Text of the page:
Advantageous Effects of the Invention

According to the present invention, concavities serving as lubricant puddles are formed by scraping a surface of a component subjected to rolling contact or sliding contact of an actuator, and thus plastic deformation hardly occurs or does not occur at all. Hence, the concavities and the peripheries therearound are not hardened. Accordingly, the concavities perform elastic deformation and are temporarily collapsed and made small by a contacting counterpart component, but the lubricant does not leak out to the other areas since the concavities are formed independently. The lubricant pooled in the concavities is pushed out to the surface of the component where the concavities are formed, and lubricates a space between the former surface and the surface of the counterpart component, thereby reducing the frictional resistance of the actuator. Hence, the driving force of a device using this actuator can be reduced, and if this actuator is used for a rotating device, etc., it can contribute to lowered torque at the slow speed range. Furthermore, anti-seizing properties of the rotating device, etc., at the high speed range can be improved by the above-explained lubrication.

BRIEF DESCRIPTION OF THE DRAWINGS

FIG. 1 is a cross-sectional view showing a part of a tapered roller bearing according to a first embodiment of the present invention;

FIG. 2 is an explanatory diagram showing an example working by shot blasting;

FIG. 3 is a graph showing a relationship between an area ratio of concavities and torque according to the embodiment of the present invention;

FIGS. 4A and 4B are diagrams showing an elastic colliding material used in an example of the first embodiment of the present invention, in which FIG. 4A shows a whole external shape and FIG. 4B is a partial enlarged view of FIG. 4A;

FIG. 5 is a vertical cross-sectional view showing a structure of a tapered roller bearing according to a second embodiment of the present invention;

FIG. 6 is a vertical cross-sectional view showing a modified example of FIG. 5;

FIG. 7 is a cross-sectional view showing a vertical inner race rotating tester;

FIG. 8 is a diagram showing a test result relating to anti-seizing properties;

FIG. 9A to FIG. 9C are diagrams showing hardening of a base material by a shot work: and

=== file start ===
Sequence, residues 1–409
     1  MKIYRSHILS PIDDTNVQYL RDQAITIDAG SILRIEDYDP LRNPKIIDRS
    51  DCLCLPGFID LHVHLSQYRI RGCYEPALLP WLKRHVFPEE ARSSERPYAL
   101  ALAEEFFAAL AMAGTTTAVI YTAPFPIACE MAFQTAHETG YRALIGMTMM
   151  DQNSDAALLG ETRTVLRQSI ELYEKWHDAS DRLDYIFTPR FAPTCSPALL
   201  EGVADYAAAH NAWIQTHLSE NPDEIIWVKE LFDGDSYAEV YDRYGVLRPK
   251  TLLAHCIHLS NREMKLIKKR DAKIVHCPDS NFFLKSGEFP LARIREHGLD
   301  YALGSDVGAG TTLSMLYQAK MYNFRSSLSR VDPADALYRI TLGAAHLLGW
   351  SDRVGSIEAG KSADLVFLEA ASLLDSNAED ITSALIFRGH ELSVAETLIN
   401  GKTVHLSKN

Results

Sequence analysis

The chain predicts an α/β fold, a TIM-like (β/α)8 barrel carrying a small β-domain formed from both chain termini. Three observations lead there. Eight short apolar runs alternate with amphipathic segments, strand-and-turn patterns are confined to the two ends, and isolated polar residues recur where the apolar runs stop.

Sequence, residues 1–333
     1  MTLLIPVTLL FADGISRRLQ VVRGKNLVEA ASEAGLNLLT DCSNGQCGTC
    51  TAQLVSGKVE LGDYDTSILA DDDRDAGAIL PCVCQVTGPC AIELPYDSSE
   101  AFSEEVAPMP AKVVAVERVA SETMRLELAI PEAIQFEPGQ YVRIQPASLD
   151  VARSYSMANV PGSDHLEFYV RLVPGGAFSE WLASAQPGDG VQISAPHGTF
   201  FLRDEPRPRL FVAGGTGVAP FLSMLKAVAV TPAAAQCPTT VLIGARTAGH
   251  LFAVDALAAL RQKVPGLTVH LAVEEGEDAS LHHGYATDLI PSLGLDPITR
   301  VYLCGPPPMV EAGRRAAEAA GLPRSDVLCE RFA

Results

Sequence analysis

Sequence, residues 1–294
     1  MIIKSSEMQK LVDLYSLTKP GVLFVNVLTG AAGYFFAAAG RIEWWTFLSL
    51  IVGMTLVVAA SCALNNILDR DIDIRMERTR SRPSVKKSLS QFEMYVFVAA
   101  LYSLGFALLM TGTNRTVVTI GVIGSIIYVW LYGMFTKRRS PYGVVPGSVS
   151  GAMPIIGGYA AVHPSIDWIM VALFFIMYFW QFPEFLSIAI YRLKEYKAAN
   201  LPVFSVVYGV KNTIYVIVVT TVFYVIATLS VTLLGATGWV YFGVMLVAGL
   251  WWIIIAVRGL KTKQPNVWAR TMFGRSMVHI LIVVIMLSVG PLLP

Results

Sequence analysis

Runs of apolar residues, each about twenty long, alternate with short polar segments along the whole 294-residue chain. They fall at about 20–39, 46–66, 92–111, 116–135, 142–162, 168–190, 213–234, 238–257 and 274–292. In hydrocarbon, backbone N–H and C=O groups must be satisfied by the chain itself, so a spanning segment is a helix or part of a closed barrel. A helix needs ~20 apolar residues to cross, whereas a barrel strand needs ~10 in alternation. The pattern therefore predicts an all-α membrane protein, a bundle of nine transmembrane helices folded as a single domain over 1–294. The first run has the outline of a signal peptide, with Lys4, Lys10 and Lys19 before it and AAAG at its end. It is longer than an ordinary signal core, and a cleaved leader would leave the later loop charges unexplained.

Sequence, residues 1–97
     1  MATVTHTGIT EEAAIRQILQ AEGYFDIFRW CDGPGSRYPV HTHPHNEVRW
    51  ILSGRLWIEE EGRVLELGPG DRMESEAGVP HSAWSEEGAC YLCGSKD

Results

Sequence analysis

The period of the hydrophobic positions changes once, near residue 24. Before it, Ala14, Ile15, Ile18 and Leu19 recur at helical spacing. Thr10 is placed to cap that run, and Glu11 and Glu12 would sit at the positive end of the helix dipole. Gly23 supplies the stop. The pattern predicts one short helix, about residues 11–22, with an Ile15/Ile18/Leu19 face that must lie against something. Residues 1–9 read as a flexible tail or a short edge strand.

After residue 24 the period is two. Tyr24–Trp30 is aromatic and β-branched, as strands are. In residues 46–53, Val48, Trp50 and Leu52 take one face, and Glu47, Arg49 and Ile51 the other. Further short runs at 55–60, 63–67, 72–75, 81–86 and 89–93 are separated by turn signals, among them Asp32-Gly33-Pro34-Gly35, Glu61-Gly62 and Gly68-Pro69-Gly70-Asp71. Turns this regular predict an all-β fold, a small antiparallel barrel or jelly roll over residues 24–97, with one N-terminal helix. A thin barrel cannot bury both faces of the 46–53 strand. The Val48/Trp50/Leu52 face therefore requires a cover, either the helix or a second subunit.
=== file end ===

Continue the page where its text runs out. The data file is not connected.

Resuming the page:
FIG. 10 is a diagram showing a measurement result of initial torque of a tapered roller bearing.

DESCRIPTION OF EMBODIMENTS

Embodiments of the present invention will now be described with reference to the drawings.

First Embodiment

FIG. 1 shows apart of a single-row tapered roller bearing 1 as an actuator according to an embodiment of the present invention. The roller bearing 1 includes a tapered roller 2 corresponding to the rolling element of the present invention, an inner race 3 and an outer race 4 relatively rotating to each other via the tapered roller 2, and a retainer 5 of the tapered roller 2. The inner race 3 is provided with a large flange 31 and a small flange 32. A lubricant is present in a space where the tapered roller 2 is placed between the inner race 3 and the outer race 4. This lubricant may be a grease composition containing a base oil and a thickener, or a lube oil.

In the given explanation so far, the bearing 1 is conventionally well-known, and the present invention is applicable to actuators including this single-row tapered roller bearing 1, bearings in other forms, a linear guide, and a ball screw.

When the present invention is applied to this bearing 1, a large number of concavities serving as lubricant puddles can be formed in one or a plurality of surfaces selected from a large end surface 21, a small end surface 22, and a rolling surface 23 of the tapered roller 2. According to this embodiment, however, the concavities are formed in the large end surface 21. Since the large end surface 21 has the largest area subjected to sliding contact in the tapered roller 2, this portion can maximally contribute to reduction of the bearing torque if the frictional resistance of this portion can be reduced. According to the present invention, however, it is also possible to form the concavities serving as lubricant puddles in other components and other portions. In particular, the concavities can be formed in the large end surface 21 and the small end surface 22. Those surfaces are subjected to sliding contact, and can maximally contribute to the reduction of the bearing torque if the frictional resistances of those portions can be reduced.

The following is an example of forming concavities in the tapered roller 2. That is, as shown in FIG. 2, multiple tapered rollers 2 are set to the outer circumference of a rotatable holder 6 at an equal interval with the large end surface 21 being directed outwardly of the rotational direction. Next, fine particles are shot toward the large end surface 21 from the external side of the tapered roller 2 while continuously or intermittently rotating the holder 6. Since the tapered rollers 2 are arranged side by side and successively worked, each tapered roller 2 does not contact another tapered roller, and thus the possibility of a failure like denting can be reduced.